This uses a Go library called pgx which is available on Github. To retrieve this and add it as a dependency to our module, we can simple run the following from the root of our module.

go get github.com/jackc/pgx/v4

This library gives us a connection pool to connect to our db. As we will see shortly, we can run our postgres db locally via Kubernetes. We will set up the db to run on port 5432 and we will port-forward to the Pod it runs in to enable our courses-service microservice to connect to it. The dbname will simply be coursesdb. So our connection string will be as follows:

"user=postgres password=password host=localhost port=5432 dbname=coursesdb"

For now, we will just hard-code this connection string to point to our local postgres that will be running in a local Kubernetes Pod. Later, we will make this configurable. We can set this up with a struct and a function to create a new instance of the struct as follows:

type PostgresCoursesRepository struct {
	dbPool *pgxpool.Pool
	Close  func()
}

func NewPostgresCoursesRepository() *PostgresCoursesRepository {
	connection := "user=postgres password=password host=localhost port=5432 dbname=coursesdb"
	dbPool, err := pgxpool.Connect(context.Background(), connection)

	if err != nil {
		log.Fatal("db connection could not be established")
		os.Exit(1)
	}

	return &PostgresCoursesRepository{
		dbPool: dbPool,
		Close:  func() { dbPool.Close() },
	}
}

Now we need to give this struct a method set that conforms to our CoursesRepository interface and uses the pgx library to interact with postgres as follows:

func (repo *PostgresCoursesRepository) GetCourses() []courses.Course {
	rows, err := repo.dbPool.Query(context.Background(), "select * from courses;")
	if err != nil {
		fmt.Printf("Error querying courses in db: %v\n", err)
	}
	defer rows.Close()
	var retrievedCourses []courses.Course

	for rows.Next() {
		var course courses.Course
		err := rows.Scan(&course.Uuid, &course.Created, &course.Name, &course.Rating, &course.Descripton, &course.DurationMillis)
		if err != nil {
			fmt.Printf("Error parsing course row %v\n", err)
		}
		retrievedCourses = append(retrievedCourses, course)
	}
	return retrievedCourses

}

func (repo *PostgresCoursesRepository) CreateCourse(course courses.Course) {
	insert := `INSERT INTO courses(uuid, created, name, rating, description, duration_millis) 
			   VALUES (gen_random_uuid(), now(), $1, $2, $3, $4 );`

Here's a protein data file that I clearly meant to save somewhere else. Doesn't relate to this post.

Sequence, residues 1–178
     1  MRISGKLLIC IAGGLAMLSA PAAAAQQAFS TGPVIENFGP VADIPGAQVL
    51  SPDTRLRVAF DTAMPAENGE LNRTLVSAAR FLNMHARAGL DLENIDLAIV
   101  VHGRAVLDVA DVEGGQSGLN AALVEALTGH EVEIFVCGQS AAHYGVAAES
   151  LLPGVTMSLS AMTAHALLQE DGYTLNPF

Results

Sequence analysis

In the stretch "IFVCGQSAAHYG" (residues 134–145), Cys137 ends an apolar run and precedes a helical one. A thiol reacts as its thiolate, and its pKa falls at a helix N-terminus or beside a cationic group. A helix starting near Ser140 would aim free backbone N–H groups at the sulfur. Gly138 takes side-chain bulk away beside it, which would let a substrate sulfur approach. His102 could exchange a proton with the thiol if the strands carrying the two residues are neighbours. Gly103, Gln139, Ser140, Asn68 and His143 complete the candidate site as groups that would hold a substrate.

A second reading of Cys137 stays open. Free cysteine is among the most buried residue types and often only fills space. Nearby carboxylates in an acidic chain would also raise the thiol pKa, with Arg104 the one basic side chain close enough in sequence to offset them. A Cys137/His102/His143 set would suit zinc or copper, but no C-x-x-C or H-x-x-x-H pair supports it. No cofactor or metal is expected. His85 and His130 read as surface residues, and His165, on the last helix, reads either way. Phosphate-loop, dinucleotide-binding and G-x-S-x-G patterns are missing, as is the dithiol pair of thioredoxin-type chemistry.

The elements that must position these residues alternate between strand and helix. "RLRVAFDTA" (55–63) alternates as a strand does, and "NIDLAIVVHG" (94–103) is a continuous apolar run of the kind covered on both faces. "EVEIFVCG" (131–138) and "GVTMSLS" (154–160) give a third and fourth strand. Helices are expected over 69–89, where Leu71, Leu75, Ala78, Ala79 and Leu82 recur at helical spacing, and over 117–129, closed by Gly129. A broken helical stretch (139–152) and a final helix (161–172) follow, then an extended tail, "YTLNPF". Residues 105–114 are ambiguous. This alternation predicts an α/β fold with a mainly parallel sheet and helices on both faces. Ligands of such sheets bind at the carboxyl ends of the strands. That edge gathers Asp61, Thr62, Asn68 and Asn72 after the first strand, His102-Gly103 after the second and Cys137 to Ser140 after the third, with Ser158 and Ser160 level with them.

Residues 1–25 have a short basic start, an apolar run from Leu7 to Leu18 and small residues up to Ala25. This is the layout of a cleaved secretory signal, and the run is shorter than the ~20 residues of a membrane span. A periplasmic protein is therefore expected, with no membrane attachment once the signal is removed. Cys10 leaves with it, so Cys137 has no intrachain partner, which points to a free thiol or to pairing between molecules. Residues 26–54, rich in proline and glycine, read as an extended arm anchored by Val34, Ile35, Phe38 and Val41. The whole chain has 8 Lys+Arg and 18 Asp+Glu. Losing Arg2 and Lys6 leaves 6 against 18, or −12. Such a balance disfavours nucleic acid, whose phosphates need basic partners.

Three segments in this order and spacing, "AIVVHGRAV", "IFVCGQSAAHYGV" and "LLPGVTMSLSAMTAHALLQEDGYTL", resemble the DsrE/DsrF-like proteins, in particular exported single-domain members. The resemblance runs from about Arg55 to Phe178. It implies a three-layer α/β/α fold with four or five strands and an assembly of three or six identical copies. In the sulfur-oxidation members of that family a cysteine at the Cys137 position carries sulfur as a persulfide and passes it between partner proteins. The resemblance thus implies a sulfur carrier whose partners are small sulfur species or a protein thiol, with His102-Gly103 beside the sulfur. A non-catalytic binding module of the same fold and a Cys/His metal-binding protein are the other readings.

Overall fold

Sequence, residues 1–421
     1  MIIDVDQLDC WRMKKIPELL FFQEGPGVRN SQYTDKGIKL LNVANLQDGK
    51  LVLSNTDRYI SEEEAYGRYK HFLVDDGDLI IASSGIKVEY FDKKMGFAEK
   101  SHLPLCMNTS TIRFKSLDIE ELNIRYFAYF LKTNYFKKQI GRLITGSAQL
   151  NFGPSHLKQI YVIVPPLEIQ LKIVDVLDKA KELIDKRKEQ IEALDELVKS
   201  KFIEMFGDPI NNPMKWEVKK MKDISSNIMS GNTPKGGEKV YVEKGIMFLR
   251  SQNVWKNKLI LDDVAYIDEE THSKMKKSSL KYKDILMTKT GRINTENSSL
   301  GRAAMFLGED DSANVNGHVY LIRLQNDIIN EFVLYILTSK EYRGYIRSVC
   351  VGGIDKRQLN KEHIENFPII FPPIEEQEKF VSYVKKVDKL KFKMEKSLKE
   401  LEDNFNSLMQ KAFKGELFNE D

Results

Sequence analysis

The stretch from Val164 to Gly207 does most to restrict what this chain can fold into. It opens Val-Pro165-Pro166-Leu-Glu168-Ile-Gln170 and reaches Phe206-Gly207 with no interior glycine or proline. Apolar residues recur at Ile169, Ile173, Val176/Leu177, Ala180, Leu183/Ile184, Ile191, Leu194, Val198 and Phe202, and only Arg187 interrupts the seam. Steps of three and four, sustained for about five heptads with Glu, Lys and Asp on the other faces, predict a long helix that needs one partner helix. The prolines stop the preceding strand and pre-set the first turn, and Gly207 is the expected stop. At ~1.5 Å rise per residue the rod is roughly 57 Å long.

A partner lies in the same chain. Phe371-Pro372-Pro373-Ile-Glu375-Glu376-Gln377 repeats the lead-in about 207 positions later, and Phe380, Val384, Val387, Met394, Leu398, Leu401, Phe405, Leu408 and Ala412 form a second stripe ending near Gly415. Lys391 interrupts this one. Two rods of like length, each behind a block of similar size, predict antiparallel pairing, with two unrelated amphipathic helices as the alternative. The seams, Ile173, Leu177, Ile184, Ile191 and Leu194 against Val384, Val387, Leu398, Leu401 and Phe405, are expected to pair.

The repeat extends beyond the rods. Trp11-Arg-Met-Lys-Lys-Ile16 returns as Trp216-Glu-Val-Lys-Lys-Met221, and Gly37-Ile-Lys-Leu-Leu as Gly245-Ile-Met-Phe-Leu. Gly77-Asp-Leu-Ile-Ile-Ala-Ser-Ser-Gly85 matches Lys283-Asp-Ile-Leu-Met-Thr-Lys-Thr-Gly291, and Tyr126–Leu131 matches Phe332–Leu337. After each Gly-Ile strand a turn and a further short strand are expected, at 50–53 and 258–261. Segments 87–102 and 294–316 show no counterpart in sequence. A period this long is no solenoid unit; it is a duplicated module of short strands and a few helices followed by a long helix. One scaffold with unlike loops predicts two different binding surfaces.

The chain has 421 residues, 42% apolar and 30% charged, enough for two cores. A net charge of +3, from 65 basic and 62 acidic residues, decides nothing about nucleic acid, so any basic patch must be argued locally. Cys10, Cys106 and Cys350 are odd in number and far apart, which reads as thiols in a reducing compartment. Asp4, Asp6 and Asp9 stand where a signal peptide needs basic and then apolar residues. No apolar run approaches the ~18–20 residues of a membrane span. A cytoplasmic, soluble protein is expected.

_, err := repo.dbPool.Exec(context.Background(), insert, course.Name, course.Rating, course.Descripton, course.DurationMillis)
	if err != nil {
		fmt.Printf("Error inserting course into db: %v\n", err)
	}
}

The last thing we need to do in terms of Go code is to hook this up in our main package. This will be in our main.go file in the root of our module as follows:

import (
	"log"
	"net/http"
	"swapknowhow/courses/api"
	"swapknowhow/courses/internal/courses/db/postgres"
)

func main() {
	coursesApi := api.Api{CoursesRepo: postgres.NewPostgresCoursesRepository()}
	http.HandleFunc("/courses", coursesApi.Courses)
	log.Println("starting courses service on port 8082")
	err := http.ListenAndServe(":8082", nil)
	if err != nil {
		log.Fatal("could not start courses service")
	}
}

Running Postgres in Kubernetes

So, with our Go code in place, we need to turn our attention to our infrastructure. How do we spin up our postgres db locally. We’ll can initially do this by deploying to our local Kubernetes cluster directly with the kubectl command line interface. Later, we will do this via helm instead. Then we can take it further and package up our courses-service code into an image that can also be deployed to our Kubernetes cluster with helm – Scaffold will help us out here!

Lets create a postgres Pod spec and deploy it to our local Kubernetes cluster running through Rancher Desktop. When Rancher Desktop is up and running, it automatically configures the kubectl command line client to connect to the Kubernetes cluster that Rancher Desktop is running on its lightweight VM. We can confirm this by running the following command in our terminal.

kubectl config current-context

This should print

rancher-desktop

In a previous blog post, I described the main types of manifests that can be given to a Kubernetes cluster via the Kubernetes API in order to give it the specifications of what we want it to deploy. In order to run postgres in Kubernetes, we need to create a Kubernetes manifest containing a Pod specification and also, if we want data to persist across pod restarts, a PersistentVolume and PersistentVolumeClaim specification. This is can all be specified in one file. We’ll call it “postgres-pod.yaml” and it is in the directory structure shown below: